Growth in Global LNG Trade Continues To Rise
Global trade in liquefied natural gas (LNG) is going up significantly. LNG trade reached 38.2 Bcf/D in 2017, a 10% increase from 2016 and the largest annual increase since 2010, according to the annual report on LNG trade by the International Association of Liquefied Natural Gas Importers (GIIGNL). In 2017, there were 19 LNG exporting countries and 40 LNG importing countries.
New production from Australia and the US drove the surge in LNG supply; those two countries saw a combined increase of 2.7 Bcf/D from 2016 to 2017. This was primarily due to new liquefaction capacity commissioned in these countries. Since 2013, they have added a combined 9.67 Bcf/D of liquefaction capacity, with another 8.3 Bcf/D expected to be completed by 2020.
The return to service of Angola LNG and increases from several countries including Nigeria, Malaysia, Algeria, Russia, and Brunei added an extra 1.4 Bcf/D of LNG exports, offsetting a 0.6 Bcf/D decline in exports from Qatar, Indonesia, Norway, Peru, the UAE, and Trinidad. The report said that supplies from the Middle East decreased as a result of scheduled and unscheduled maintenance in Qatar.
The Pacific Basin remains the largest source of LNG supplies according to the report, with 45.3% of the global market, followed by the Middle East (31.5%), and the Atlantic Basin (23.2%). The drop in production from Qatar has led to an increase in the difference between supplies from the Pacific Basin compared to those from the Middle East, from 25 million tons in 2016 to 40 million tons in 2017. The supply difference between the Atlantic Basin compared to those from the Middle East decreased from 42.2 million tons to 24.2 million tons. The GIIGNL projected an increase in global trade volumes as new liquefaction plants come online in the US.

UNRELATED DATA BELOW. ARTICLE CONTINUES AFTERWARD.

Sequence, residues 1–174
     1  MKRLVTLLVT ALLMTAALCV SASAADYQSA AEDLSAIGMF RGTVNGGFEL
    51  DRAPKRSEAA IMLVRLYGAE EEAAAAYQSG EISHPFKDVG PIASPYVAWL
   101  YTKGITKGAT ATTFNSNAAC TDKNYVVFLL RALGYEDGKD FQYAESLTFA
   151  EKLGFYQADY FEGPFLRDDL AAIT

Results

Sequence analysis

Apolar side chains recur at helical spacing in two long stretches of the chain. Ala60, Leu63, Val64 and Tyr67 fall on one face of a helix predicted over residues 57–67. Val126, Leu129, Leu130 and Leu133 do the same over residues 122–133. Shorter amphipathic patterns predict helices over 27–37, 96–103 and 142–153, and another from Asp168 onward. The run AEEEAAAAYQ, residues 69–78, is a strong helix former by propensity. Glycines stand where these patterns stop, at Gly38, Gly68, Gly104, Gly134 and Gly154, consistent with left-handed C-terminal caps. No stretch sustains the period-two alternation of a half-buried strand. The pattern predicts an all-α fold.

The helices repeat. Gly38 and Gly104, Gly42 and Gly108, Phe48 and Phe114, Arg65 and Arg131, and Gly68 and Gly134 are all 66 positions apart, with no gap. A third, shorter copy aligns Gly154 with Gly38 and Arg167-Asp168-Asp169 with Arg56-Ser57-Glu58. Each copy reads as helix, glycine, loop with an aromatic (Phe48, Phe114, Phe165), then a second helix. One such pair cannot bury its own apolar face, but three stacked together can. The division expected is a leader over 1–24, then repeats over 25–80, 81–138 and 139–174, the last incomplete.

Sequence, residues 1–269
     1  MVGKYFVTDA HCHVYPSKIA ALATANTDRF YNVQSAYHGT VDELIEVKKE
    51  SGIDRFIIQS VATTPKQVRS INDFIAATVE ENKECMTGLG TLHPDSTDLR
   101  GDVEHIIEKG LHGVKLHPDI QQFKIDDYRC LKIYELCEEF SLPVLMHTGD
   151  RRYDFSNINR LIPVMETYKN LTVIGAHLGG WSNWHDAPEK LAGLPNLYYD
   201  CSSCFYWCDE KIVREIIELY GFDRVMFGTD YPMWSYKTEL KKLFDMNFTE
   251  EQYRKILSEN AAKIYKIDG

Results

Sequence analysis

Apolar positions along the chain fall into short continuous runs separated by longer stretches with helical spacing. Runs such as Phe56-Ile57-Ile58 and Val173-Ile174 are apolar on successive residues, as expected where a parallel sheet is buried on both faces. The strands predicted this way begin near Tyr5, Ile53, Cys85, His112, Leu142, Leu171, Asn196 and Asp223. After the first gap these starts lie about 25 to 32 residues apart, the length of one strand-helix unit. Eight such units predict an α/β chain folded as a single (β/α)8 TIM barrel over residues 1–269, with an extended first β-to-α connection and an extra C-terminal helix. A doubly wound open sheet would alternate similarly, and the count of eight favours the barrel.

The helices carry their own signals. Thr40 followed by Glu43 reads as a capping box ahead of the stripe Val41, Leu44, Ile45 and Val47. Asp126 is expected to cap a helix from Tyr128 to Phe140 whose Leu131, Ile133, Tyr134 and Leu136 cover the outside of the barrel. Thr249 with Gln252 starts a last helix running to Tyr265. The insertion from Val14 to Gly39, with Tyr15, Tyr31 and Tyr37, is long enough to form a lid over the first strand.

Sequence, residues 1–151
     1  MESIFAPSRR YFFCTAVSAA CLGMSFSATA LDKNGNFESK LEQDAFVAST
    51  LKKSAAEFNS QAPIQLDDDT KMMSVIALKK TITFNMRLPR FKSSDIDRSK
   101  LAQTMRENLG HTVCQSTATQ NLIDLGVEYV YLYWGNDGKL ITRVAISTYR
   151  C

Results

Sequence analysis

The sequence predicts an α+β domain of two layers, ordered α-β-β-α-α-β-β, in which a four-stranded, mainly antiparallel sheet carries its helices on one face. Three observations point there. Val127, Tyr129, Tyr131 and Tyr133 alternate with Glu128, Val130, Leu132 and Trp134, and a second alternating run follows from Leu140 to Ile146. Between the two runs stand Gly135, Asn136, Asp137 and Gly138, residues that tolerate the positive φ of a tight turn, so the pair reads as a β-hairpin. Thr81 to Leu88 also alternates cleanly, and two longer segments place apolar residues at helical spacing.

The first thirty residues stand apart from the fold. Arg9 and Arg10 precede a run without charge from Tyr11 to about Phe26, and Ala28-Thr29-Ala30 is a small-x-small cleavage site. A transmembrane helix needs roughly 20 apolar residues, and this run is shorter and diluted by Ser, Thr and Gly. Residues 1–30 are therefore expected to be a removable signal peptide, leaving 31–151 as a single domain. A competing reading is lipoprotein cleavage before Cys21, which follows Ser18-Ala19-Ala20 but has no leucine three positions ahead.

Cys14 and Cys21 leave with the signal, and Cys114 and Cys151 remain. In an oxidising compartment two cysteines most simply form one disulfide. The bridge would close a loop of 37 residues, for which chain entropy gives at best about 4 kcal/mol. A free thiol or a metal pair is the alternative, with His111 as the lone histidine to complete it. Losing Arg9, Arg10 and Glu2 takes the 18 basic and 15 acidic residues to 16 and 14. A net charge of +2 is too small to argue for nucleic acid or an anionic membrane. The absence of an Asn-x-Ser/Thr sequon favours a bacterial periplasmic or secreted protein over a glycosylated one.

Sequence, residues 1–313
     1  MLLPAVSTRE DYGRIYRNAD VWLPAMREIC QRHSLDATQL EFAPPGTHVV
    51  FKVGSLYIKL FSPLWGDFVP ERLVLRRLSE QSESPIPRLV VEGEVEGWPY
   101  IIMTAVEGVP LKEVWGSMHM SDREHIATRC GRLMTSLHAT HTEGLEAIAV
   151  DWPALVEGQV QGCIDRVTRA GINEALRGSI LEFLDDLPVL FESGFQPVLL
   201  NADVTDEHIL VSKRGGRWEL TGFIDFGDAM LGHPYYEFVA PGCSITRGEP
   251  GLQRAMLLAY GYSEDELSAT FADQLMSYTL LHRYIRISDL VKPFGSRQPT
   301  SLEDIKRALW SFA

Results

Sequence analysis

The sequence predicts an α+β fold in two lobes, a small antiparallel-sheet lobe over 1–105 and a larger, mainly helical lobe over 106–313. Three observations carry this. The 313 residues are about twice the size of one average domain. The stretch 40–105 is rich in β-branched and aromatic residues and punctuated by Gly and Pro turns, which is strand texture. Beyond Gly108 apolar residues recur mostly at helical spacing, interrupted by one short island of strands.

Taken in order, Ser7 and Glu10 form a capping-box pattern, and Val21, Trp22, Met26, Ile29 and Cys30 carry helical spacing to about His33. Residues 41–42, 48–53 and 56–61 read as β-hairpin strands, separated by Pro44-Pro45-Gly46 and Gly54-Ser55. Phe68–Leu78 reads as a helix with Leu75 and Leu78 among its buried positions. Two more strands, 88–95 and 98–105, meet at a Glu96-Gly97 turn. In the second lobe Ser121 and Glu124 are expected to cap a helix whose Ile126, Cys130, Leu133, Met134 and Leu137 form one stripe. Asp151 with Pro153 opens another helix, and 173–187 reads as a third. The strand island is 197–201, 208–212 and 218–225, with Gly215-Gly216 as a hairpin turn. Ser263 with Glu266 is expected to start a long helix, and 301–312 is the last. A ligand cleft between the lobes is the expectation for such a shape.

Asian LNG imports grew by 10.2%, accounting for 2.6 Bcf/D of the global increase in 2017. Japan is the largest LNG importer at 11.0 Bcf/D in 2017. China had the largest growth in LNG imports globally for an individual country last year and became the world’s second-largest LNG importer, surpassing South Korea. The report said that China’s growth was primarily due to the Chinese government’s decision to favor the use of gas over coal to reduce air pollution in its major cities.
In Europe, LNG imports went up 19.5%, mainly because of gas demand for power generation. LNG imports in the UK dropped 0.34 Bcf/D, one of only two countries in Europe to experience a decline. The report speculated that this was due to a reduction of deliveries from Qatar. The US Energy Information Administration said that a lower winter heating demand from the residential sector and increased electricity generation from wind, both of which reduced the demand for natural gas, were partly to blame. Europe’s share of global LNG imports fell by nearly 50% since 2010 (from 29.4% to 15.9% last year), mainly due to a decline in gas demand and increased competition from pipeline imports.
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